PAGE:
As for the minority parties such as Solidarity and Rise, I think that we need to accept that for now they are a diversion and despite some of their fine ideals are not a realistic proposal for the pro Indy voter on the national stage. Over exposure in the National and to some extent The Herald skewed the perception of RISE, and if the don’t completely fall then perhaps the council elections next year may be a more realistic platform for them, where they can help deliver real benefits at a local level.

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Elaine (Not C) Smith, Vile Political Language (Advertiser 08/03/15)

 Airdrie and Coatbridge Advertiser

Dear Sir, 

Over the course of the independence referendum there was some pretty strong language used. Many unionists took offence at being branded, among other things, traitors and Quislings, but when it came to the sheer volume of derogatory terminology and language those same unionists had the upper hand. Nazis references were ten a penny with the now terminally declining Scotland on Sunday going as far as to change an iconic picture of the saltire being raised to show a blue and white swastika instead. September 18th has brought no closure on attempts to smear those who support independence. Extremists, Insurgents, and Separatists are the unionist buzzwords now. The language of the war on terror is now being applied at home, helped in great measure by the media wing of the Labour Party (Scottish Branch), otherwise known as BBC Scotland. Watch the London BBC news in the evening and see reports of insurgents in Iraq, extremists in Syria and separatists in Ukraine. Turn to Reporting Scotland and you will hear quotes from various politicians about the Scottish separatists here. A favourite phrase of Johann Lamont and Alistair Darling, it’s also used by Jim Murphy and Margaret Curran, and its use is a deliberate attempt to create a link in the mind of the viewer or reader between a peaceful, through the ballot box movement here in Scotland with the violent actions taking place in Ukraine and the Middle East. This attempt at subliminal association reached a new low this week when a school in New Stevenston issued a North Lanarkshire Council created classroom assignment about ‘separatist terrorists’. This is a disgraceful attempt at brainwashing children, and it illustrates the culture which goes on from the top to the bottom in politics. When leaders use such disgraceful methods it’s no surprise to see them replicated by those who follow that lead. I hope that in future North Lanarkshire Council thinks very carefully about the type of material it issues to schools and that teachers have the good sense to ensure that innapropriate content is challenged long before it reaches the classroom.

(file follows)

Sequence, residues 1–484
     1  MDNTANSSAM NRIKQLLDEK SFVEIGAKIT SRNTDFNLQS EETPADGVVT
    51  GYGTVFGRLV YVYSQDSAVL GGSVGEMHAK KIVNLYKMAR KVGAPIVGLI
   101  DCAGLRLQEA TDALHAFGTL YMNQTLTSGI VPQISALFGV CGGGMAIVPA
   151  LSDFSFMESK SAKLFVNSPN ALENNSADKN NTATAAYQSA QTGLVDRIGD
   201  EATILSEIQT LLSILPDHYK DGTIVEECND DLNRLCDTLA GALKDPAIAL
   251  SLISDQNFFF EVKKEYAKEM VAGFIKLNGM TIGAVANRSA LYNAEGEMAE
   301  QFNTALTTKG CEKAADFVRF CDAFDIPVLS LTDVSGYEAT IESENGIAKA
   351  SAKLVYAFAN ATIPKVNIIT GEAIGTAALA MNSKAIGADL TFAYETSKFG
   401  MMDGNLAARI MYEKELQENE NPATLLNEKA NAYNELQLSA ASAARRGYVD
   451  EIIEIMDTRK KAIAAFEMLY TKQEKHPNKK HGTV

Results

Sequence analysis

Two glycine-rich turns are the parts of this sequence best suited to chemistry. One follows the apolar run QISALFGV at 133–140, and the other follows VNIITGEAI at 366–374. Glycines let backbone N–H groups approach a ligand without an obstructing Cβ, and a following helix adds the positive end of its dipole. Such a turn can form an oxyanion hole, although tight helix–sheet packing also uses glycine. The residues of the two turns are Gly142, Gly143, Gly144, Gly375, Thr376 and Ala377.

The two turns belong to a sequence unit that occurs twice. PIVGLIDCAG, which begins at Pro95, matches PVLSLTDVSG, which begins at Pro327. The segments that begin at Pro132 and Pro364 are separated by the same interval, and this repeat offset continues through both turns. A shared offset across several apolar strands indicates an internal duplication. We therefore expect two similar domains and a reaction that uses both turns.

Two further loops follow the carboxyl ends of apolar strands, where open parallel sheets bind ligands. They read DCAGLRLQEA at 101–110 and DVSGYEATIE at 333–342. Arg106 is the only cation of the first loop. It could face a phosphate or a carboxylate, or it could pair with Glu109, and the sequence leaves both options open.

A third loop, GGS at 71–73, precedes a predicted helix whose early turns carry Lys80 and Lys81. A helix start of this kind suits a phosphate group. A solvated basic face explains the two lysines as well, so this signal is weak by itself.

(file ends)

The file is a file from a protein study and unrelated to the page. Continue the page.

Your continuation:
Yours Sincerely, 

James Cassidy